Jewish News reported on Friday – January 18th.
British-born head of Jerusalem’s Mount Scopus site, Dr. Tamar Elram, says it is the perfect example of harmony in the Holy Land
Dr. Tamar Elram, the UK-born director of Hadassah Mount Scopus, says the hospital is the embodiment of co-existence that lays to rest the lie that Israel practices apartheid, writes Joe Millis.
The obstetrics and gynecology specialist said: “What’s unique about Hadassah and the Israeli healthcare system in general is it’s where co-existence works.”
Elram, who led sessions on Jewish values and healthcare at last month’s Limmud Festival, recalled speaking on a panel at Betzalel art college in Jerusalem, where “we discussed whether, if co-existence works in healthcare, it can work elsewhere.”
Hadassah Mount Scopus, she added, was the classic example of this – “it’s not only the patients, it’s also the staff. For example, we sent out Christmas cards to all our Christian staff, just as we would send greetings to our Jewish and Muslim staff on their holidays.”
The same was true with the patients, she added. “People come to Hadassah Mount Scopus because of its location in the north east of the city.
“This covers the different groups in Jerusalem; the secular, the Charedim, the Palestinians. Everyone is together, in the wards, in the corridors. They don’t talk about politics, they drink coffee.”
“This is what Hadassah has been doing for the past 100 years and it’s still there.”
She added that Hadassah, like Israel, “has to keep on being the best, in technology, in science, in medicine and, unfortunately, in security, too.”
As part of “being the best” that the “Innovation – formerly Startup – Nation” offers, Hadassah is one of three Israeli hospitals in LR Group’s £10.6 million Biohouse for shared workspaces for biotechnology and medical startups.
The Biohouse will offer a combination of technological incubator, shared workspace and synergy with the hospital.
Elram described the Biohouse concept as a “creative and exciting” development.
Hadassah director-general Prof. Zeev Rotstein said: “It isn’t a coincidence Hadassah was chosen as the first hospital where such a centre of innovation has opened.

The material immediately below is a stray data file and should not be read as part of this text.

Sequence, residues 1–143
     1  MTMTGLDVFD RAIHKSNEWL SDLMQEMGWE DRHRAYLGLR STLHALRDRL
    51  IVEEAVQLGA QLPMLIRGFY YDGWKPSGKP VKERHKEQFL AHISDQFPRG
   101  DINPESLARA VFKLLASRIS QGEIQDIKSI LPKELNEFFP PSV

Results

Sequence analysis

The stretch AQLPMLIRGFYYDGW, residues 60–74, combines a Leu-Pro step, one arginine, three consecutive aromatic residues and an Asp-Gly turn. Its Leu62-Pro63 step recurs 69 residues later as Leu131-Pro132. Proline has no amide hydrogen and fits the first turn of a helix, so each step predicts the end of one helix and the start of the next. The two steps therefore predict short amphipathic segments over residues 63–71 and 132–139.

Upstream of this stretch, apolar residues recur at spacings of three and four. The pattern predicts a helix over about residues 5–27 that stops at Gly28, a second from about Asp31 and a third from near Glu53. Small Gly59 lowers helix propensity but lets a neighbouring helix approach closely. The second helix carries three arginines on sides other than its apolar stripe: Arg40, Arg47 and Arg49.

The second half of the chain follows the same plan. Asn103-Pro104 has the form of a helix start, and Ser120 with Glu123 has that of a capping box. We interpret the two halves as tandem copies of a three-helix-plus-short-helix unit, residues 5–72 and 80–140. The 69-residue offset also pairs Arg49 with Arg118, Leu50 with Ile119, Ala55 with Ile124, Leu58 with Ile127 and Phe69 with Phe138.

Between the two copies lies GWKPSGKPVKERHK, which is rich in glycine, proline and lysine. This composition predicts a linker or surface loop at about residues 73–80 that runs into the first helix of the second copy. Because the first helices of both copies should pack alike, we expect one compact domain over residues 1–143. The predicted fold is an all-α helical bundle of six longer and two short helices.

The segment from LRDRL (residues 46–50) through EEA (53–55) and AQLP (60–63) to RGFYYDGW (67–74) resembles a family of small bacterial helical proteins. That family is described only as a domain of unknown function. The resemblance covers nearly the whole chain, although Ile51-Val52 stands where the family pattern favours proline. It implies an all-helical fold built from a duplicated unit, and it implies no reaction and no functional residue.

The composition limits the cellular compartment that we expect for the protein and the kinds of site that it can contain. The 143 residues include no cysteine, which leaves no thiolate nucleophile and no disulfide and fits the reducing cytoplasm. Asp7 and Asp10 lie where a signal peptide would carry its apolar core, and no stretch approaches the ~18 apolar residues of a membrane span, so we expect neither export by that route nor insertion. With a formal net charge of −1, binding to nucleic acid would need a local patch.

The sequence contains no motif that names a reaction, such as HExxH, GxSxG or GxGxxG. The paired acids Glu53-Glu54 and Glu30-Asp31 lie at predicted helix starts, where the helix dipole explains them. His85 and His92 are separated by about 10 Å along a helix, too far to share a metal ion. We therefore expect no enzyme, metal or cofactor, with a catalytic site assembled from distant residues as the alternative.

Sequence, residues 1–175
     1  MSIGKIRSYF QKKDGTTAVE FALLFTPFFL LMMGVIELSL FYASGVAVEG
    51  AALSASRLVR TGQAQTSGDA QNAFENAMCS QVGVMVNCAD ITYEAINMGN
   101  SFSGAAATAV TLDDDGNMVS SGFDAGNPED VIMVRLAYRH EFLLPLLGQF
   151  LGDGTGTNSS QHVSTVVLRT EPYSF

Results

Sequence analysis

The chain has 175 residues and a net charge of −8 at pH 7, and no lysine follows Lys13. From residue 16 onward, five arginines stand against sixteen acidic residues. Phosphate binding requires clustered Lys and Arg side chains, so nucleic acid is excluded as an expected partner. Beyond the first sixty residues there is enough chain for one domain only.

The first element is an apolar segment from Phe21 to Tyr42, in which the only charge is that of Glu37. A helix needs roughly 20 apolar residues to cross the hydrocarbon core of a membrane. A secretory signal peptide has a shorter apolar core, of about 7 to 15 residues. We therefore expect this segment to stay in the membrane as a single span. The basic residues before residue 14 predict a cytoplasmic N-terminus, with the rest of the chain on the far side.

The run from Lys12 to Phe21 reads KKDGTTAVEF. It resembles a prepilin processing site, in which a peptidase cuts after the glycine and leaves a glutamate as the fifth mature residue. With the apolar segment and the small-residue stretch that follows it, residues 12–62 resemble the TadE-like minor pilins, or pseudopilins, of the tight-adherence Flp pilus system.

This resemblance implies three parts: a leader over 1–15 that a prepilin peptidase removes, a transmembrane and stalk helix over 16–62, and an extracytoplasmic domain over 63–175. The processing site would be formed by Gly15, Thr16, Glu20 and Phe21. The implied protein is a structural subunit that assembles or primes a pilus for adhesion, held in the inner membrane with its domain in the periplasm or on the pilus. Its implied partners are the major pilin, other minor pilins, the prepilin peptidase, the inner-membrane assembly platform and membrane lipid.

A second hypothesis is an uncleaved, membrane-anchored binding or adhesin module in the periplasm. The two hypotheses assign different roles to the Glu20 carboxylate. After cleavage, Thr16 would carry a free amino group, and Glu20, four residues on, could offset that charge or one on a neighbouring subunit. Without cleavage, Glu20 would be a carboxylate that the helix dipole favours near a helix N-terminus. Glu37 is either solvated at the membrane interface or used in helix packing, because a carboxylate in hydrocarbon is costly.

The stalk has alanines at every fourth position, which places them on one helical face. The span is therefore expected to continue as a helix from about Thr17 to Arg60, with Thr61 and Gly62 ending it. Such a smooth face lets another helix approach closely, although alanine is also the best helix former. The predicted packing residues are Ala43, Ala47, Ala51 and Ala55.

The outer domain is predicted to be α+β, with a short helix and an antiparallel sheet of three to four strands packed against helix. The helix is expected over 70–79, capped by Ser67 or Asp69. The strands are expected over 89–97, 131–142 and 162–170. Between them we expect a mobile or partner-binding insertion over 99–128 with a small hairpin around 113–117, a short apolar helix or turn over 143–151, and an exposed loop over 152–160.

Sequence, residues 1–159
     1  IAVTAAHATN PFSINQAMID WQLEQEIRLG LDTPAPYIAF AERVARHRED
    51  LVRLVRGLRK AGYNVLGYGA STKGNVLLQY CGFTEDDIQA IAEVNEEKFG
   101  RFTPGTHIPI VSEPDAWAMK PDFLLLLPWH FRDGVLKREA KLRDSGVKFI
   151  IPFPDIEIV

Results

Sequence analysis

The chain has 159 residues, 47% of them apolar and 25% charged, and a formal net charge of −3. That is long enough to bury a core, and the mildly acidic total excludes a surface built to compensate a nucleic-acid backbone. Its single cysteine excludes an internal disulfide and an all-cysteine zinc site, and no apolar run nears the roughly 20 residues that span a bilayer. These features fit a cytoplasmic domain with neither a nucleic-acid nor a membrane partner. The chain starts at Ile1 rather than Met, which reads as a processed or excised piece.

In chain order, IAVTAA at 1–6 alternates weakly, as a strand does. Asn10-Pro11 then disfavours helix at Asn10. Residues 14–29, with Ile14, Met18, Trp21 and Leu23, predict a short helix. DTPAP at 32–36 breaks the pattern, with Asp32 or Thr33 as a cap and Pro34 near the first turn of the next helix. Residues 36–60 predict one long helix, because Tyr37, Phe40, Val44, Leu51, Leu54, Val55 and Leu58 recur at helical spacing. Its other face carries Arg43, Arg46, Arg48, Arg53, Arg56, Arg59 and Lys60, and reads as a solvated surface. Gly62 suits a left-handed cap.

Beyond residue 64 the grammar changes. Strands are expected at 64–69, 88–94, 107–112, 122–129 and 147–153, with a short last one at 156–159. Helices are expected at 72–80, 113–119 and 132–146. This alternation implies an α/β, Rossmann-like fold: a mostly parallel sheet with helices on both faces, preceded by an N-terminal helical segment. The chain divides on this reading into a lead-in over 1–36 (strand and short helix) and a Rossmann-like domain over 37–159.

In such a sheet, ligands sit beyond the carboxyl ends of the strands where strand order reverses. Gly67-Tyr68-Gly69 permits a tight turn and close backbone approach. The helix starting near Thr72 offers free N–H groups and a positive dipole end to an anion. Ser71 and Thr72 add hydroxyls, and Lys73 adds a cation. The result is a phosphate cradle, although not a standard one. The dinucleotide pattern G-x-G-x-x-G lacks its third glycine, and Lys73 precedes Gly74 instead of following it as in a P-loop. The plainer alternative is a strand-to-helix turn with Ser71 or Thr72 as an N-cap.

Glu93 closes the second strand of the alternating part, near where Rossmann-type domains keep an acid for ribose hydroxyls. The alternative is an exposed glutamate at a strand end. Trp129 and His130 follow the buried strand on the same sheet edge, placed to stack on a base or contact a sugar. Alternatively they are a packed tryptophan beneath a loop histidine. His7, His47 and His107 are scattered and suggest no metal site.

“Hadassah offers researchers and innovators not only the optimal working environment, but the co-operation and mentoring of the finest doctors and researchers in every medical field.”
The Jerusalem LR Biohouse will have space for 40-50 early stage and more mature biotech and medical startups as well as a startup accelerator, which will be operated by Hadassah.
LR Group VP business development Yaki Zinger said, “We are designed for companies in all stages of operations. We’re suitable for companies that have already graduated from an accelerator or incubator, but don’t necessarily have the amount of capital that enables them to be 100 percent independent and provide all services by themselves.
“While co-working areas in high-tech are designed to provide a work experience and bring together companies, we want to provide a full basket of services, mainly through our connections to the hospitals.”
Elram credits Rotstein with taking the hospital leaps forward. “You see it in the pride of the workers, in the construction projects. There is so much going on, so much research. We are now reaching beyond full capacity at Mount Scopus,” she said.
“And now we have to build more, because Greater Jerusalem is the fastest growing city in population and I think geographical size in Israel.”
Elram has a message for British Jews. “Zionism is not a dead word. People are sometimes afraid of using a word that was once considered our dream. Don’t be afraid to acknowledge it.
“In my eyes, Israel is our dream comes true and is still being realized now.”